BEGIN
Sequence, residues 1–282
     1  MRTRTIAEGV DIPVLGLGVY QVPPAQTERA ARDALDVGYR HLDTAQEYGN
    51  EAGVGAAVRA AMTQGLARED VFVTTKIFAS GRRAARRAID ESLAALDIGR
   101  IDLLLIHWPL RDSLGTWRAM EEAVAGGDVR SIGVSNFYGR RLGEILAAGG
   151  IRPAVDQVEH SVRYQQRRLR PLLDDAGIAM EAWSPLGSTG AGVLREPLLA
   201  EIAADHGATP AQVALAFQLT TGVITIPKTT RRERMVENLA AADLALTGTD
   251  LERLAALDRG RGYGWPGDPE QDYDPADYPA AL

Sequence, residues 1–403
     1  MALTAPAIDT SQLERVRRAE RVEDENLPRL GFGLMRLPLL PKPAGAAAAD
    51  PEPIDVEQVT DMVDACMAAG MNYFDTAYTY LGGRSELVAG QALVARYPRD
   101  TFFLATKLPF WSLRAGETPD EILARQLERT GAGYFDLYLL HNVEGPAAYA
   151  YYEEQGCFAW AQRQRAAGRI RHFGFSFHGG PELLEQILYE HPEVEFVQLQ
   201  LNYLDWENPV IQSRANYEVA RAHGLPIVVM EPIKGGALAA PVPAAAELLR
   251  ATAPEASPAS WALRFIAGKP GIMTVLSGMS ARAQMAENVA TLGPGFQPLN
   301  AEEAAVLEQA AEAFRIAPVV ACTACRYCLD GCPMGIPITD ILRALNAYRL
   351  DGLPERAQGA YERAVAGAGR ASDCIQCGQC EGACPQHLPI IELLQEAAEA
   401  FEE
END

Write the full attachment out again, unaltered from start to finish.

Sequence, residues 1–282
     1  MRTRTIAEGV DIPVLGLGVY QVPPAQTERA ARDALDVGYR HLDTAQEYGN
    51  EAGVGAAVRA AMTQGLARED VFVTTKIFAS GRRAARRAID ESLAALDIGR
   101  IDLLLIHWPL RDSLGTWRAM EEAVAGGDVR SIGVSNFYGR RLGEILAAGG
   151  IRPAVDQVEH SVRYQQRRLR PLLDDAGIAM EAWSPLGSTG AGVLREPLLA
   201  EIAADHGATP AQVALAFQLT TGVITIPKTT RRERMVENLA AADLALTGTD
   251  LERLAALDRG RGYGWPGDPE QDYDPADYPA AL

Sequence, residues 1–403
     1  MALTAPAIDT SQLERVRRAE RVEDENLPRL GFGLMRLPLL PKPAGAAAAD
    51  PEPIDVEQVT DMVDACMAAG MNYFDTAYTY LGGRSELVAG QALVARYPRD
   101  TFFLATKLPF WSLRAGETPD EILARQLERT GAGYFDLYLL HNVEGPAAYA
   151  YYEEQGCFAW AQRQRAAGRI RHFGFSFHGG PELLEQILYE HPEVEFVQLQ
   201  LNYLDWENPV IQSRANYEVA RAHGLPIVVM EPIKGGALAA PVPAAAELLR
   251  ATAPEASPAS WALRFIAGKP GIMTVLSGMS ARAQMAENVA TLGPGFQPLN
   301  AEEAAVLEQA AEAFRIAPVV ACTACRYCLD GCPMGIPITD ILRALNAYRL
   351  DGLPERAQGA YERAVAGAGR ASDCIQCGQC EGACPQHLPI IELLQEAAEA
   401  FEE